Joy Jacobson is a CHMP senior fellow. Follow her on Twitter: @joyjaco
For the past couple of years I’ve attended The Power of Words, the annual conference of the Transformative Language Arts Network. I’ve become more of a conference-goer in recent years, as well as a presenter, but this one seemed unlike any of the others I’ve attended. Novelists and poets, musicians and composers, expressive-arts therapists and health care workers, those new to writing and those who’ve devoted their lifetimes to the craft all gathered for a few days of “workshops, performances, talking circles, celebration and more.”
I left last year’s gathering, held at the beautiful grounds at Pendle Hill, a Quaker retreat outside Philadelphia, with the phrase radical acceptance going through my mind. I won’t be able to attend this year’s conference, to be held at Lake Doniphan Retreat Center in Kansas City, MO. I’ll miss those people and the community that gets made when like minds and intentions come together.
It’s an aptly named conference. Last year I led a poetry workshop on “self-elegy,” and it was indeed powerful to see what a group of readers and writers could compose in 90 minutes. (Two brilliant attendees, Seema Reza and Maiga Milbourne, each blogged about it, here and here.) But that phrase, power of words, has got me thinking, too, about the powers of silence.
For the first time in the many years that I’ve owned a cell phone (or has it owned me?) I have turned off the text-message-notification noise. For 10 days now there has been no beep, no trill, no hum or vibration, no ring-a-ding-ding when a message arrives. It started one insomniac night as an attempt to block out any potential disruption to sleep, should I have been lucky enough to fall back into it. In the morning I thought it might be nice to take a vacation from the fake bell—not from text messaging itself, just from the relentlessly Pavlovian audio.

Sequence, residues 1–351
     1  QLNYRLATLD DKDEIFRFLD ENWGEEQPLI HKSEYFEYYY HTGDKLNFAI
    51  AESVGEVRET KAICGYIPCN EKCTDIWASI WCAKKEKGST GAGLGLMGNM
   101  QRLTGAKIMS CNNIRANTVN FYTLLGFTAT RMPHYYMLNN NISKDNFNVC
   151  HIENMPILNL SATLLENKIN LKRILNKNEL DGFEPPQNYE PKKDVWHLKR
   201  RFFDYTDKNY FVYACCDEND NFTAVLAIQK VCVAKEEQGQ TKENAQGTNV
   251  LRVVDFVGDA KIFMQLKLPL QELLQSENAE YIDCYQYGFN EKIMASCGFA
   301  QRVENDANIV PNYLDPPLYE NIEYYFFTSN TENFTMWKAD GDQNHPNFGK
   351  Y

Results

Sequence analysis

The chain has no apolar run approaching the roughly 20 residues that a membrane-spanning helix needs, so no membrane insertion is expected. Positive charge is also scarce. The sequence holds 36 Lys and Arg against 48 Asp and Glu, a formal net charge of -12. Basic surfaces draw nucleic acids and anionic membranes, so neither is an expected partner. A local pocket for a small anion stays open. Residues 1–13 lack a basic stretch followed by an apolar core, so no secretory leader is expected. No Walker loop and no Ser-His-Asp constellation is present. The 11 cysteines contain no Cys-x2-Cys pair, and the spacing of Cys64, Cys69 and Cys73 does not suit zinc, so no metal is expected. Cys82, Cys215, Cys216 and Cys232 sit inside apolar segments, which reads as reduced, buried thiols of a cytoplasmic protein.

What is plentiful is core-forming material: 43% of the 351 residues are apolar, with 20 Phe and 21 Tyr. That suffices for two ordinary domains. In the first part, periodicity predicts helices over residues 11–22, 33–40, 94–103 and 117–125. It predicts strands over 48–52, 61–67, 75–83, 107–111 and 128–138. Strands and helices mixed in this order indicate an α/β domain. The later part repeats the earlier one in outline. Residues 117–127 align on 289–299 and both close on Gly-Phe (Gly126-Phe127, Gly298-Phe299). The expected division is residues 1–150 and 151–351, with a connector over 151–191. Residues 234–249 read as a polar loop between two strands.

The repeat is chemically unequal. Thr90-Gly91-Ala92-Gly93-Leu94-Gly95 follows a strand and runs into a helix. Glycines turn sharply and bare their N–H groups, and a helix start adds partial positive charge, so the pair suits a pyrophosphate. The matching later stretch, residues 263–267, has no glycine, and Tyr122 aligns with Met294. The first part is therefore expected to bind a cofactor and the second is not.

As I write I’m sitting outside. There’s a distant thrum whose source I can’t quite identify, probably a train. A couple of chickadees perform their unrepeatable tweets. The 10 AM church bell chimes, and my little dog decides to yap in response to something beyond my hearing. Clank: a truck hits a bump. A neighbor’s air conditioner rolls over and over. The cicadas start, then drop, then start again their annual threnody to summer.
In attending to these entirely ordinary sounds I realize something about awareness. Perhaps what I found so remarkable about the Power of Words conference didn’t have entirely to do with the words themselves, whether written, read aloud, spoken, sung, or chanted (and they were remarkable). It had to do, as well, with the attention we all paid to one another: undistracted, unrushed, clear-eyed and -eared—radical—attention.
I just checked my phone. In the time it took me to write the previous paragraph a friend texted. Perhaps we could have a bike ride or a walk later today? I’ll get back to him in a minute or two.